We knew Amazon has been bringing more and more value to its Amazon Prime Instant Video service for some time now, however we've known for a while that they also wanted to start up a "better than Google" music service. Until this week, not much has been heard of the new project, as they were working on securing the music labels, similar to how Spotify had to go through its motions. Sure, the Cloud Drive was up and running, letting you load up 5GB of music, but there wasn't a diverse enough list of songs to choose from and you had to buy their music to get their 20GB service. Plus, it launched without consent from the music labels, which meant the app couldn't have lasted very long if they didn't take action fast.
What labels are on board and what will it cost you, you ask? Luckily we have the answers for you after the break.
Now, Amazon has revamped their music player and has created what appears to be a hybrid of iTunes, Google Music and Spotify all in one program. Music from Vivendi SA's Universal Music Group, Sony Music, EMI and Warner Music Group is now available through the Amazon Cloud Player. Not only will you be able to have several of your connected devices load up from music stored in one place, but the Kindle Fire, Android devices and even iPhones will all be able to participate in harmonious auditory bliss, without selling the user's soul to Google or Apple (except for maybe the device). It also doesn't hurt that the Kindle Fire is only $199 and directly competes with the iPad for the casual tablet user market. This relaunched program has one last benefit, too: Roku and Sonos players will be able to access the Amazon Cloud Player as well, essentially making your entire house a musical paradise.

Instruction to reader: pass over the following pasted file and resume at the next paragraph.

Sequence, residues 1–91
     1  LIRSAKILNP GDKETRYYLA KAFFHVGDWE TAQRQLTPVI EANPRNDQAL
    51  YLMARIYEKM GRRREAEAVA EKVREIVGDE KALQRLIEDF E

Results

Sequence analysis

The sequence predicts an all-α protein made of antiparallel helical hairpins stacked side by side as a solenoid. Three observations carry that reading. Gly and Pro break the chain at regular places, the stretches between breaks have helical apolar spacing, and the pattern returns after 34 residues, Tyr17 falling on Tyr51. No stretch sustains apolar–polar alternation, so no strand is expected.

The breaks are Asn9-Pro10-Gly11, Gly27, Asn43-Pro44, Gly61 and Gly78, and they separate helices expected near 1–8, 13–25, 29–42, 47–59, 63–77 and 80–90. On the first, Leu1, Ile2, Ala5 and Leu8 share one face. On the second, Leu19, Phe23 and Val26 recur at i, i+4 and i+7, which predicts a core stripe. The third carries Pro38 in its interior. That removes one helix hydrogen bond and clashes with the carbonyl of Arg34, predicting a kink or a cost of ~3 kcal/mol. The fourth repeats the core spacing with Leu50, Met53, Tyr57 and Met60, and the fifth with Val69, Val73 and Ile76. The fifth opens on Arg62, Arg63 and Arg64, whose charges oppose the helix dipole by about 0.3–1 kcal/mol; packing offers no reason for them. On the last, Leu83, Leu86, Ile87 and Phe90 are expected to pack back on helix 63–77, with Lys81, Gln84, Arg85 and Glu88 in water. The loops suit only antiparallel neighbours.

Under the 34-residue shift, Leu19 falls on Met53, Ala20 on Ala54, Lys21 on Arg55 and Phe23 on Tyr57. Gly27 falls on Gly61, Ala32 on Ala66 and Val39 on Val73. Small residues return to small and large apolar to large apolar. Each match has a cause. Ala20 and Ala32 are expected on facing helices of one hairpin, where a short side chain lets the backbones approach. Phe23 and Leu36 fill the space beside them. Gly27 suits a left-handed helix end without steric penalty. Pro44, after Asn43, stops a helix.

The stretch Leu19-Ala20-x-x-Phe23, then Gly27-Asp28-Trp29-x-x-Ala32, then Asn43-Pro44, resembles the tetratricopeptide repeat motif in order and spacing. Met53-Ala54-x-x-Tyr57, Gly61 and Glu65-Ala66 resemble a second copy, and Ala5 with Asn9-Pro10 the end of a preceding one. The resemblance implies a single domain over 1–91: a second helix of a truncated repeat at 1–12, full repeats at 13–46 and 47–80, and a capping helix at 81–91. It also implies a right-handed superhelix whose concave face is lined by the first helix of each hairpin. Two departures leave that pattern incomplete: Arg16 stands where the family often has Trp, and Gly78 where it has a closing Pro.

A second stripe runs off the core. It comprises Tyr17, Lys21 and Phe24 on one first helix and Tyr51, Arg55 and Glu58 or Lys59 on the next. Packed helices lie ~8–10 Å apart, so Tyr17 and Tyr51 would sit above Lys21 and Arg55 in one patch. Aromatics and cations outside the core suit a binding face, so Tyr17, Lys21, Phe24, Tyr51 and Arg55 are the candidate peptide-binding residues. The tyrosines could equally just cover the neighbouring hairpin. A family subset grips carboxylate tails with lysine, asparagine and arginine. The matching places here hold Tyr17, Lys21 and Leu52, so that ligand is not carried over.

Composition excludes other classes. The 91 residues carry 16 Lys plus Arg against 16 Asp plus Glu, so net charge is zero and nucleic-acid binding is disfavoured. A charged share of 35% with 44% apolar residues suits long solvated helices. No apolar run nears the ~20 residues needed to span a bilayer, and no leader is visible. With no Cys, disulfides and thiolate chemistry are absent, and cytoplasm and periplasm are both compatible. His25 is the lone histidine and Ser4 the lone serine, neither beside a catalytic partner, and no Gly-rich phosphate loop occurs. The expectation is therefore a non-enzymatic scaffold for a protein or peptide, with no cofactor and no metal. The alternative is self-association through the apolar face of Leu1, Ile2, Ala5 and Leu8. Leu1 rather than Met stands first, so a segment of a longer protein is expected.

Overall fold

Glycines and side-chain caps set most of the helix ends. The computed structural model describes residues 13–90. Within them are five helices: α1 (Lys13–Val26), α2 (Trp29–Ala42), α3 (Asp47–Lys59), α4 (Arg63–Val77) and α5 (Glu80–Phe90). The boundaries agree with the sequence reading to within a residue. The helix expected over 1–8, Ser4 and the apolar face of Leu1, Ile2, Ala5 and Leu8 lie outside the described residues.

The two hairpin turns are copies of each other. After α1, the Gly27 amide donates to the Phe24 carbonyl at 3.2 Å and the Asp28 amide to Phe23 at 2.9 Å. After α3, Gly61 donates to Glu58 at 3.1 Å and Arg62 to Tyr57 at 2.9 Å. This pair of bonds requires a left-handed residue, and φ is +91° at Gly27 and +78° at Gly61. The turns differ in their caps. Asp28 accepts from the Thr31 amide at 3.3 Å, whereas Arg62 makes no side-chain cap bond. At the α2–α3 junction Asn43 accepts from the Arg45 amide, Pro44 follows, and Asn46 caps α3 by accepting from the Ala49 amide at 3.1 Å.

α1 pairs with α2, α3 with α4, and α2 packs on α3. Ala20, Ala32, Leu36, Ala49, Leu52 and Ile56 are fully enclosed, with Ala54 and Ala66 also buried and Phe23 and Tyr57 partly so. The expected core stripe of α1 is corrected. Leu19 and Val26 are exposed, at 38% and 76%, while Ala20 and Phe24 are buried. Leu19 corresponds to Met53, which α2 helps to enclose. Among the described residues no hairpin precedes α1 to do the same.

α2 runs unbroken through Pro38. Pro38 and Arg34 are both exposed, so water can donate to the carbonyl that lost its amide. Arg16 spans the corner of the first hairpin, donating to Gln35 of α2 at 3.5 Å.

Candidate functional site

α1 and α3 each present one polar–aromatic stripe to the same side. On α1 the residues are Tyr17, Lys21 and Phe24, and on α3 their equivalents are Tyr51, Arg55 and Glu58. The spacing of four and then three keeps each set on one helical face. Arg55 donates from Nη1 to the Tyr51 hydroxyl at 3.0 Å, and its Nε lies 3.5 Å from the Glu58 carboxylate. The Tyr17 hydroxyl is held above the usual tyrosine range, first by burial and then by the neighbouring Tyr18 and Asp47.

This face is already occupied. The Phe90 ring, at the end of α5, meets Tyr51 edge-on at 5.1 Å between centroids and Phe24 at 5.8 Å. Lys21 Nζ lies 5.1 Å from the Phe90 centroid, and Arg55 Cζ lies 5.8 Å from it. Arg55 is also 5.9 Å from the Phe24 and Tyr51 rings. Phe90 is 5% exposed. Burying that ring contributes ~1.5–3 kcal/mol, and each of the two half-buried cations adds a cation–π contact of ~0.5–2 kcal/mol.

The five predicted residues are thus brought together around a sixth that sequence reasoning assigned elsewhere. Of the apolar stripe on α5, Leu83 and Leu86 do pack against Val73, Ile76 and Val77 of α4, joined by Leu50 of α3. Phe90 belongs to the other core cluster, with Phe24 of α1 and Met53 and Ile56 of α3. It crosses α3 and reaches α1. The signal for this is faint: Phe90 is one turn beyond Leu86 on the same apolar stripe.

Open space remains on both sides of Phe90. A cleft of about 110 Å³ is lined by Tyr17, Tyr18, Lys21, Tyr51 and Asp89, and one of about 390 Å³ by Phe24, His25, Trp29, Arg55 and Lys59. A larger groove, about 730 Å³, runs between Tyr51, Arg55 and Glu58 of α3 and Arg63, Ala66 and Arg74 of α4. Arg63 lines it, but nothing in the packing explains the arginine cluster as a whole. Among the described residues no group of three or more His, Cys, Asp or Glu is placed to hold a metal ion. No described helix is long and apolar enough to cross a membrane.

Users still have the option of uploading all of their current songs on their hard drive to the Cloud Player, even stuff from iTunes, and they will play without trouble. Amazon will have a couple of options for subscribers, including a free version that lets you load up 250 songs. You can also opt for the paid edition, at $25 a year, which will grant you the ability to play through 250,000 of your beloved MP3s as many times as you want.
The question still remains if this is enough to get you to switch from Spotify, Zune, Pandora, iTunes or whatever other music streaming service you might be using. For me, the combination of Spotify and Zune seem to be doing the trick but your mileage may vary. Are you going to give Amazon a test drive? Tell me how much MPG (music per gigabyte) you have in your collection and what programs you can't live without in the comments below. Now, if only they would bundle this along with Instant Video and free 2-day shipping for $80 a year...